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Comment Re: NASA Eagleworks is NOT NASA! (Score 3, Informative) 711

They are directly related. https://ntrs.nasa.gov/search.j...

As the NASA document you cite (HTML FTW!) says, it's "an advanced propulsion physics laboratory, informally known as "Eagleworks"" being implemented by NASA Johnson Space Center (NASA/JSC), so it is part of NASA.

Comment finally, 30 bit color panels (Score 2) 108

I have confirmed that 30-Bit color is working on a 27-inch iMac. A 16-Bit greyscale ramp was used to test. Applications which support this capability are quite sparse. At the time of my testing Preview worked and Pixelmator did not. It is likely that applications need to optin to use this feature. The standard 24-Bit pipeline is indicated with Pixel Depth: 32-Bit Color (ARGB8888). New 30-Bit color pipelines will show Pixel Depth: 30-Bit Color (ARGB2101010) or Pixel Depth: CGSThirtyBitColor. I have also been able to get 30-Bit color working on my Dell U2713H via DisplayPort. Support seemed sparse and intermittent in earlier versions, but as of 10.11.3 everything works well in my experience.

http://www.astramael.com/

The apple website notes these LG panels are P3 color gamut compliant. Which is a smaller color space than Adobe RGB, but probably sufficient for 10bit per channel. While the OS has supported 10 bit since a recent update to El Capitan, there are almost no Mac applications that make use of this. Unlike on Windows, where 10 bit color support and display panels have been available for several years. And note, the latest MacBook Pro panel still doesn't support real 10 bit. And if you want to use wide color with a secondary panel, you'll need to buy a laptop with a secondary GPU.

On the PC side, it's much easier to get the right hardware and get Adobe tools to display a wide color space. Apple is still far behind on what has become absolutely necessary for photographers and filmmakers.

Comment Re:Touch Bar Escape Key? (Score 1) 361

Is this where the fabled escape key has been banished to?

Yes - there were several scenes in the video of the Apple event showing a virtual key labeled "esc" on the left-hand edge of the touch bar (although, as I've noted elsewhere, it's not directly above the {~ `} key, which may get in the way of muscle memory).

Comment Re:No escape (Score 1) 361

And I don't see an escape key. :(

I guess you didn't watch the video of the Apple event, where the touch bar had, in many scenes, a button on the left hand edge marked "esc". (As I said in comments for the rumor article, it's not directly above the {~ `} key, so your muscle memory may have some issues with it.)

Comment ...and replaced them with virtual keys (Score 1) 524

The Apple event shows a touch bar that, by default, has a button labeled "esc" on the left-hand edge, although, as I commented elsewhere, it's a little bit to the right of where the "esc" key is now - i.e., not directly above the {~ `} key - which, as I said, could interfere with muscle memory.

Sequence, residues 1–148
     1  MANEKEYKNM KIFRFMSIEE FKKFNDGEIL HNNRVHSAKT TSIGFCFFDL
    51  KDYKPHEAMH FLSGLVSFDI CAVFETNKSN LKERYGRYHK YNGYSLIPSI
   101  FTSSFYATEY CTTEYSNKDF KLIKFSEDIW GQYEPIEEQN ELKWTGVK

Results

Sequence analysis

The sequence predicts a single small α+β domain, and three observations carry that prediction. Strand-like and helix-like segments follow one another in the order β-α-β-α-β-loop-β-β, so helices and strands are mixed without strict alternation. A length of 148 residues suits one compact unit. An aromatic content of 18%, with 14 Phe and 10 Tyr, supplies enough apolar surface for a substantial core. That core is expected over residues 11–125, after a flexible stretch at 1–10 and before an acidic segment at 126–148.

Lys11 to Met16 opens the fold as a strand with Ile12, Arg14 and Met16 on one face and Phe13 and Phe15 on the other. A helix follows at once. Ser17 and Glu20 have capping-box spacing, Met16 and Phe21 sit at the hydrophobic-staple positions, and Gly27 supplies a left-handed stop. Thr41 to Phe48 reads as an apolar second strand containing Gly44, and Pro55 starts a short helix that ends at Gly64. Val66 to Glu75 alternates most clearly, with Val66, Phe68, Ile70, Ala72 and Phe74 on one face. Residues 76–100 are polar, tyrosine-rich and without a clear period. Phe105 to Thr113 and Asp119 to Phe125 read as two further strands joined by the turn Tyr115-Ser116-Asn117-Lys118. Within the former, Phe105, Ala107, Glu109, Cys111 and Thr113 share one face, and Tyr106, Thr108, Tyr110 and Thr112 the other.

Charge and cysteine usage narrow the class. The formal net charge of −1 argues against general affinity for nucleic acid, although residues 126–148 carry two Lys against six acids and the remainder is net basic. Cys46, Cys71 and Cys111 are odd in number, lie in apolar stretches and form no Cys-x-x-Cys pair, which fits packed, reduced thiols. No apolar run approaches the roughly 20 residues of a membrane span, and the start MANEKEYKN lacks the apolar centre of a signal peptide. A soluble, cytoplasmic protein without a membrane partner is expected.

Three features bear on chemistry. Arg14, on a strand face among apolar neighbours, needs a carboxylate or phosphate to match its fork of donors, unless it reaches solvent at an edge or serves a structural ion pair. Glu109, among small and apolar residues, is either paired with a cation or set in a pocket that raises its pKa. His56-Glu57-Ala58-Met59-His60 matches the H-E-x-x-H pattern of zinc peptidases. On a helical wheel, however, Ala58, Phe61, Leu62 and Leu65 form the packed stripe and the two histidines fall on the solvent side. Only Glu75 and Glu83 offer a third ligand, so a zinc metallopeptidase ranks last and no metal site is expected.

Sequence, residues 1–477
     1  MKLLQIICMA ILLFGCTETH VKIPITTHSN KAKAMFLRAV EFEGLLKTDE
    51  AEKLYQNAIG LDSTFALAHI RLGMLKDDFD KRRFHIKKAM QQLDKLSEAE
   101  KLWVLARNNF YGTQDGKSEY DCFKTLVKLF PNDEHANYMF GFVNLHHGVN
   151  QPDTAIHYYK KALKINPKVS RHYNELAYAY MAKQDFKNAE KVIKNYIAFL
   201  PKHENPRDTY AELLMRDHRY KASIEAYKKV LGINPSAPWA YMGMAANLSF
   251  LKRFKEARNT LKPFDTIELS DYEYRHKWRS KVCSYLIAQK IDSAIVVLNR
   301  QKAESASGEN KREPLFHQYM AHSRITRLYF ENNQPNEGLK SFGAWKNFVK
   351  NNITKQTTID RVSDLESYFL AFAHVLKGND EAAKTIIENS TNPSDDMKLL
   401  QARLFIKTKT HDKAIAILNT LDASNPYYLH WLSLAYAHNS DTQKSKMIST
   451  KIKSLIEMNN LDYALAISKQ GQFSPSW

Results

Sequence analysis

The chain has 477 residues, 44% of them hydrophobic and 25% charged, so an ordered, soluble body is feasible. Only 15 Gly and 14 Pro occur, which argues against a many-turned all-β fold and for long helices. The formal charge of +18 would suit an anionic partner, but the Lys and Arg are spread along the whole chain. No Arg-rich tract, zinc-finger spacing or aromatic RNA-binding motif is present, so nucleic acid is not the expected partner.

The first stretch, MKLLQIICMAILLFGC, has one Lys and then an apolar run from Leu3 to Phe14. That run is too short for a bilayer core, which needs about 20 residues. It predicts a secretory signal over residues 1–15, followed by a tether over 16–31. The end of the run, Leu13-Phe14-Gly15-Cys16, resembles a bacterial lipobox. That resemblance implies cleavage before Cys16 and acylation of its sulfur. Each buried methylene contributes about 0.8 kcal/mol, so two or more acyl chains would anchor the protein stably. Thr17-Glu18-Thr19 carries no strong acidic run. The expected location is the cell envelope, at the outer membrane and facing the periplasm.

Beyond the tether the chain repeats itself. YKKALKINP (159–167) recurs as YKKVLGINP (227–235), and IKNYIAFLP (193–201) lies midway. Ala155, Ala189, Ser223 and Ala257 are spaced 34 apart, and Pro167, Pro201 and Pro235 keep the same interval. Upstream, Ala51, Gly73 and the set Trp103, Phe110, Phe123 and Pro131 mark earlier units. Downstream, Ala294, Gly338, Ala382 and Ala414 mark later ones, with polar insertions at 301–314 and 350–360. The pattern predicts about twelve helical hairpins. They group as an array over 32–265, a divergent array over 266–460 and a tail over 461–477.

Comment Re: Nothing of significance (Score 1) 232

No headphone jack. Fewer keys than a VT-100 terminal. Lame.

Hey, even my current MacBook Pro, which does have a headphone jack, has fewer keys than a VT100, so it's not as if the rumored touch-bar-instead-of-a-function-key-row and might-not-have-a-headphone-jack new MacBook Pro is what put them below the VT100.

Comment Re:Why not just keep using Esc then? (Score 1) 524

Depends on the size of your hands to some degree. I find that Ctrl-C Ctrl-V for example requires twisting the left wrist outward so the hand is angled to the left, and also requires stretching the fingers apart. The natural resting positions of hands which are together in front of you on a keyboard is for the hands to be pointed inward (left hand angled slightly to the right) with fingers not stretched in tendon tension apart.

For what it's worth, when I do Ctrl+{something} on my MacBook Pro's keyboard, I move my left hand off the home row and, if {something} is on the left-hand side of the keyboard, use my index finger for {something}; that might even predate using an MBP. The same applies to Cmd+{something}, although I use my thumb for Cmd.

Comment Re:What is the problem here? (Score 1) 524

So one possibility is that Terminal labels that part of the touch bar "Esc" (or, in Apple hipster lower-case style, "esc"), and touching it sends \033 down the pseudo-tty to the currently-running program. That's the one I'm putting my money on, although I'm biased by being a microEmacs user who would want that to be the case.

Although the "Cancel" isn't directly above the (~ `) key, so it's not quite where the esc key is currently, which could interfere with muscle memory, grumble grumble. We'll have to see what Terminal does with the touch bar.

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